Relating features in the field with their representation in InSAR datasets and building on the understanding of InSAR’s utility for addressing geotechnical questions in various environments.

Field sites will include locations for which various radar data and, where possible, InSAR results are available.

Please note that the field exercise will involve short walks over uneven ground to various sites. You are strongly advised to bring warm clothing.

Day 3 (14 February) – Technicalities of InSAR:

Providing greater detail on the processing chain for various InSAR techniques as well as specifics of data selection and access.

This final, lecture-based component of the workshop targets more advanced users including those with interest in conducting their own InSAR processing. Activities and topics will include:

Defining geotechnical problems in a way your InSAR provider will understand.

Selecting suitable imagery and satellites in greater detail.

Processing methods in more detail.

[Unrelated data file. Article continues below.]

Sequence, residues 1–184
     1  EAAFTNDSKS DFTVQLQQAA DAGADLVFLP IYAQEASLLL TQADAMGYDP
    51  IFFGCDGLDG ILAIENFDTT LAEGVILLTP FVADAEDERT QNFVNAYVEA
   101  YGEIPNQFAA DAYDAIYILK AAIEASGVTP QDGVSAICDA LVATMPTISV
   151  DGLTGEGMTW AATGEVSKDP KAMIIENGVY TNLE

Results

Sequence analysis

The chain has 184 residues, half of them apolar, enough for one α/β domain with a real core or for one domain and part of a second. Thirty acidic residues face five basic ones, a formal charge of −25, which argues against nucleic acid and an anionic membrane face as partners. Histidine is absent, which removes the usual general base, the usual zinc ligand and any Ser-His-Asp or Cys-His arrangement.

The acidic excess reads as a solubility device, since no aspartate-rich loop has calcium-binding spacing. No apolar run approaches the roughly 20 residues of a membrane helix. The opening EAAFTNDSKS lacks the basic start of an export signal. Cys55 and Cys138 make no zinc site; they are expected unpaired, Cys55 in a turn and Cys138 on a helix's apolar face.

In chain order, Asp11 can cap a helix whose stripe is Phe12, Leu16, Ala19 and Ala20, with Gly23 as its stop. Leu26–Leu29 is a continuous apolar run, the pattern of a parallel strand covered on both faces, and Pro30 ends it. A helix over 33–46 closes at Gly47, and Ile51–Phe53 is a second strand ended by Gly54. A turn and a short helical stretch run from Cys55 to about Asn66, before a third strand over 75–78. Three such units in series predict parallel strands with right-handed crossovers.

Advanced quality assessment of delivered products.

Registration fees

Standard Member rates*

Day 1 – The basics of InSAR $AUD700

Day 2 – Field Exercise $AUD500

Day 3 – Technicalities of InSAR $AUD500

Note: a $250 loading on the total fee applies to those who are not AGS members

Members of the NZ Geotechnical Society will qualify for AGS member rates

Student discount negotiable on application.

For all questions regarding registration and payments please contact the Secretary. For all technical questions please contact Colin Mazengarb at colin.mazengarb@stategrowth.tas.gov.au

See details at AGS’s website ( https://australiangeomechanics.org/courses/ags-tasmania-radar-interferom...) for registration. 

TAS Tech talk - The development and implementation of drones for magnetic surveys

Wednesday, October 16, 2019
1200
1400

Dear ASEG Tasmania members and potential members,

Come and hear about Anton Rada’s work at the forefront of the development and implementation of drones for magnetic surveys.  Noon in the CODES Conference Room (UTas Sandy Bay campus), Wednesday 16th October.   Please let branch president Mark Duffett or branch secretary Matt Cracknell know if you’d like to join the speaker and Mark Duffett for lunch at the Uni Staff Club after the talk.